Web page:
It won this work as part of the Assure Partners consortium, which also includes Pindan Contracting, Capella Capital and Honeywell.

The value of the construction contract was $232 million, but after adding in prison maintenance the total contract value increased to $372 million.

Brookfield Multiplex, which competes with John Holland for the title of WA’s largest construction contractor, has also secured a PPP project.

It teamed up with St John of God Healthcare and architects Hassell to win the contract for the design, construction and operation of Midland Health Campus.

Health has been the hottest sector in WA’s building construction market, and Brookfield Multiplex and John Holland have been the dominant contractors.

Between them they have won eight of the 20 largest building construction projects in the state.

Multiplex has more than $2.5 billion of building construction projects, led by the Fiona Stanley Hospital project and the associated State Rehabilitation Centre.

John Holland is not far behind, with more than $2 billion of building construction work under way.

In December it was formally awarded the stage 2 contract for construction of the New Children’s Hospital, having successfully completed the stage 1 contract for the $1.2 billion project.

In the resources sector, John Holland won a contract to develop the accommodation village at the Wheatstone gas project.

In the engineering construction sector, its major projects include the City Link development and the Esperance port access corridor.

The combined value of all of its projects across the state is close to $4 billion.

Private work

Privately owned DORIC had two big wins last year, securing contracts for the Busselton Health Campus and the Acacia Prison expansion.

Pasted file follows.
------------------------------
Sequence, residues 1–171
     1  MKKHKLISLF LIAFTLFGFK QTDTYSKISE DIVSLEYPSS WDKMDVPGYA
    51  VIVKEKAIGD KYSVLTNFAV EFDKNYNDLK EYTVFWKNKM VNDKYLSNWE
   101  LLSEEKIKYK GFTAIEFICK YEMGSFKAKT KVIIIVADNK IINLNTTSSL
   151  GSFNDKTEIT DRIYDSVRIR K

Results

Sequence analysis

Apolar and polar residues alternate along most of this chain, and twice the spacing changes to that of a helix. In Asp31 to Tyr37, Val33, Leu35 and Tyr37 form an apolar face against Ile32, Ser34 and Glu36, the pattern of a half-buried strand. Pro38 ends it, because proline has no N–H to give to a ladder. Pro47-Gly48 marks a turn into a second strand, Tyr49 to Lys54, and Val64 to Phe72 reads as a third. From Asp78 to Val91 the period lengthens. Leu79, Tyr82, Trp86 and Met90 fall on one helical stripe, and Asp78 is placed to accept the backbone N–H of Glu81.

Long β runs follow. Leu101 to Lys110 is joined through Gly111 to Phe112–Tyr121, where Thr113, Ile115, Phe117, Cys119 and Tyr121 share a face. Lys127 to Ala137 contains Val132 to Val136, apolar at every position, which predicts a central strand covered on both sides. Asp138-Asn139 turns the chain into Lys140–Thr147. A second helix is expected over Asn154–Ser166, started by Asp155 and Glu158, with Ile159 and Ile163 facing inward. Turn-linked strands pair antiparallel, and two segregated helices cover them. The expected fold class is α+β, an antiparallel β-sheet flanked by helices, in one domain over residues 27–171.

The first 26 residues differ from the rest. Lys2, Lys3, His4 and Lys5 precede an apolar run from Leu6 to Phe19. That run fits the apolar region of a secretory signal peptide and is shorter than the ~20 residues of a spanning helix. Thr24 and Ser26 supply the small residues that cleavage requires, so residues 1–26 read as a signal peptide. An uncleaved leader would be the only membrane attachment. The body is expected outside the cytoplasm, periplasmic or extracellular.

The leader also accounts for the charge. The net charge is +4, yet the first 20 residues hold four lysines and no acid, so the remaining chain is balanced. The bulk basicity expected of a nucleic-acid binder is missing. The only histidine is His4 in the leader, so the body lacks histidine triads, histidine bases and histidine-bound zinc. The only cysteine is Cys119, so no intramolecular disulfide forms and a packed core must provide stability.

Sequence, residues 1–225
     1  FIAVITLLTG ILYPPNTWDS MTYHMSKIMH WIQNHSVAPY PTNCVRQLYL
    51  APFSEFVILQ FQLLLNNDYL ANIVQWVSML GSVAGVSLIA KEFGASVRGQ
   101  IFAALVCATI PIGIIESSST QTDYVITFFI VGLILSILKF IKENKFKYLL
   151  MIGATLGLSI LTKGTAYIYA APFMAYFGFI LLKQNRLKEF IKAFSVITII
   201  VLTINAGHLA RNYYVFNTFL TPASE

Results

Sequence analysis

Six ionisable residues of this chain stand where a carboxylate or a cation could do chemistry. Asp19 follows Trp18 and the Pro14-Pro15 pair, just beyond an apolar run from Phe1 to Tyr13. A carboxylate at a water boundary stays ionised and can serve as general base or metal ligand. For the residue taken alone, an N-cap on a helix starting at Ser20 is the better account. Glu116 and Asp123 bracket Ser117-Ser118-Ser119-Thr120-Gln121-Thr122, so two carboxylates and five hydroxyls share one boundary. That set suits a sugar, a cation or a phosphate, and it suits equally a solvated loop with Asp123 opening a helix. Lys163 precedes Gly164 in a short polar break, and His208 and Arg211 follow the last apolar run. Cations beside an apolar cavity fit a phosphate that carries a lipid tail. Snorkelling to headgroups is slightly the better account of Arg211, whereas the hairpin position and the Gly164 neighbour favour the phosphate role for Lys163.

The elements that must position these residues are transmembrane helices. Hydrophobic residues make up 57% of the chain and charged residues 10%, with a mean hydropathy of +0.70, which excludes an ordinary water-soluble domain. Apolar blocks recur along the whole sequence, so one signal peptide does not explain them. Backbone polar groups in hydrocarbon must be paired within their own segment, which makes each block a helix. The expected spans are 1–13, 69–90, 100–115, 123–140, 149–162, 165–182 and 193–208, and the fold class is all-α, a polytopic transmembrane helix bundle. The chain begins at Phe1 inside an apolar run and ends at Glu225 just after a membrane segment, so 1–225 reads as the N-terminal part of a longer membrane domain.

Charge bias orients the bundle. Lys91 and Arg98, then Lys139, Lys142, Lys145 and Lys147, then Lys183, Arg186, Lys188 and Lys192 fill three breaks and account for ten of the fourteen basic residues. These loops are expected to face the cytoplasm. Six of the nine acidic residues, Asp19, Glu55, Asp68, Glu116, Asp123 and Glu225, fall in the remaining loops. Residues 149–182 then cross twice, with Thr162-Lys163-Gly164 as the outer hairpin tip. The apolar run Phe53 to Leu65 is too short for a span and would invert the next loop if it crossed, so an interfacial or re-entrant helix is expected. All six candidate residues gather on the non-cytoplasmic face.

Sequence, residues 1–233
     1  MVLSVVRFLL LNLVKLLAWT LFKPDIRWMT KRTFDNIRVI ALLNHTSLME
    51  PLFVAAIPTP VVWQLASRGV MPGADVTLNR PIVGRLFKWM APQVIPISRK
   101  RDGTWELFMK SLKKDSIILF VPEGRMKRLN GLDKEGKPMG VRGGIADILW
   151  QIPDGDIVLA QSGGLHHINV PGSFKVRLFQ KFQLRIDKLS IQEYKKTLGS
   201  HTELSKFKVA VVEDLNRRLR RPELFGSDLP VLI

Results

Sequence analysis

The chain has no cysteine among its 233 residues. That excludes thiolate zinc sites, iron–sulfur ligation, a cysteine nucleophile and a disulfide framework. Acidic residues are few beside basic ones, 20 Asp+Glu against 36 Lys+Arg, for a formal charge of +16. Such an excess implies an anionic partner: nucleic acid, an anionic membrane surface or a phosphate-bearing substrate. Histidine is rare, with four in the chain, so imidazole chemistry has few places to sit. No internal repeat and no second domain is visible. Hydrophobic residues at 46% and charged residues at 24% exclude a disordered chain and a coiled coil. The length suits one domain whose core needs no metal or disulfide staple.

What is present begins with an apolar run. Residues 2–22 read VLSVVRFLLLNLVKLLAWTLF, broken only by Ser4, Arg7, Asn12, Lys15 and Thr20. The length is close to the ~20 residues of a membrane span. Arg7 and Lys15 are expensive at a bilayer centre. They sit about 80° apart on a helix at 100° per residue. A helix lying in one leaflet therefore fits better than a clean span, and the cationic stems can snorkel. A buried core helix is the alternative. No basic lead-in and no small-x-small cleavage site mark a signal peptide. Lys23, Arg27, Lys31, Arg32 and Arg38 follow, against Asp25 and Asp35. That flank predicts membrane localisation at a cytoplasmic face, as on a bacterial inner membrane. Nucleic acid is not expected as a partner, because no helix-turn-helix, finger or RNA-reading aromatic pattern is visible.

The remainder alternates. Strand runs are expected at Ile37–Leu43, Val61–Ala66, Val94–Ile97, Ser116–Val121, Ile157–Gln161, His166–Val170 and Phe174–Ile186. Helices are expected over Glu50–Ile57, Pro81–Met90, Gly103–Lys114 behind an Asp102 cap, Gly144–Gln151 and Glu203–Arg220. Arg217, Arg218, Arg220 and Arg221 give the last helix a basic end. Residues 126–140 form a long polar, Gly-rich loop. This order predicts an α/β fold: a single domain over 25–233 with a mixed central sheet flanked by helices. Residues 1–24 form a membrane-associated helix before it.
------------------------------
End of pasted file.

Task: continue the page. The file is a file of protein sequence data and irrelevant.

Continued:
Its other long-term contracts include developments at BHP Billiton’s Jimblebar mining hub in the Pilbara.

DORIC is also engaged in the design of a major redevelopment at the HMAS Stirling naval base near Rockingham, with construction due to commence next year.


Gerry Hanssen’s building company continued to benefit from his close alliance with apartment developer Finbar Group.

Hanssen has four major apartment projects underway that are being developed by Finbar.

They include the Adagio and Au apartment towers in East Perth, and the Pelago East project in Karratha. A fifth apartment project set to commence construction this year is Spring View Towers in Rivervale.

Broad portfolio

Broad Group continues to be a major player, with the WorkZone building in Pier Street nearing completion and four building and civil projects under way at Perth airport.

It also has a growing portfolio of civil projects, such as the development of Elizabeth Quay, which it won jointly with Leighton, and a remote indigenous housing program.

Looking ahead, Leighton Properties has selected Broad as preferred contractor for the KS2 office building in Kings Square.

Well Built

Built Environs was one of the big winners over the past year, winning two very substantial contracts.

In January, it was contracted by Perth Airport to build the new domestic ‘pier’ that will be home to Virgin Australia, and to expand the international departures area.

Perth Airport described this as the main construction contract for the largest component of the airport redevelopment. The total value of the project is over $330 million.

It adds to work Built Environs is already undertaking at the airport on construction of a new logistics yard to service the international and domestic terminals.